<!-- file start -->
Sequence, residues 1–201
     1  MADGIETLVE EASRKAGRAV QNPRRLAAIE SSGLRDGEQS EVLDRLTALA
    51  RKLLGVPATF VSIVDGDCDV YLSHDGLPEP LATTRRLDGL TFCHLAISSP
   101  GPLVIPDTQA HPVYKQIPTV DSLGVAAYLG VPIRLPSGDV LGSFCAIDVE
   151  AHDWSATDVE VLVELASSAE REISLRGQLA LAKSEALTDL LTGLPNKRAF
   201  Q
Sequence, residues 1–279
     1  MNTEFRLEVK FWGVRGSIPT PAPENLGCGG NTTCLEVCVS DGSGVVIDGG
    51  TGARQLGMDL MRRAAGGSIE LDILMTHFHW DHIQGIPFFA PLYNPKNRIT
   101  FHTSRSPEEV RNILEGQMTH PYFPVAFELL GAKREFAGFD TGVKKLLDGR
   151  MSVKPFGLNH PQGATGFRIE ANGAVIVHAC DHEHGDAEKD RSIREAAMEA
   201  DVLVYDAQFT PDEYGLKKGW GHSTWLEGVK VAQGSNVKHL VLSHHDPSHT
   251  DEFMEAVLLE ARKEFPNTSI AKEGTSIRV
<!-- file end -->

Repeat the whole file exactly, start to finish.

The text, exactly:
Sequence, residues 1–201
     1  MADGIETLVE EASRKAGRAV QNPRRLAAIE SSGLRDGEQS EVLDRLTALA
    51  RKLLGVPATF VSIVDGDCDV YLSHDGLPEP LATTRRLDGL TFCHLAISSP
   101  GPLVIPDTQA HPVYKQIPTV DSLGVAAYLG VPIRLPSGDV LGSFCAIDVE
   151  AHDWSATDVE VLVELASSAE REISLRGQLA LAKSEALTDL LTGLPNKRAF
   201  Q
Sequence, residues 1–279
     1  MNTEFRLEVK FWGVRGSIPT PAPENLGCGG NTTCLEVCVS DGSGVVIDGG
    51  TGARQLGMDL MRRAAGGSIE LDILMTHFHW DHIQGIPFFA PLYNPKNRIT
   101  FHTSRSPEEV RNILEGQMTH PYFPVAFELL GAKREFAGFD TGVKKLLDGR
   151  MSVKPFGLNH PQGATGFRIE ANGAVIVHAC DHEHGDAEKD RSIREAAMEA
   201  DVLVYDAQFT PDEYGLKKGW GHSTWLEGVK VAQGSNVKHL VLSHHDPSHT
   251  DEFMEAVLLE ARKEFPNTSI AKEGTSIRV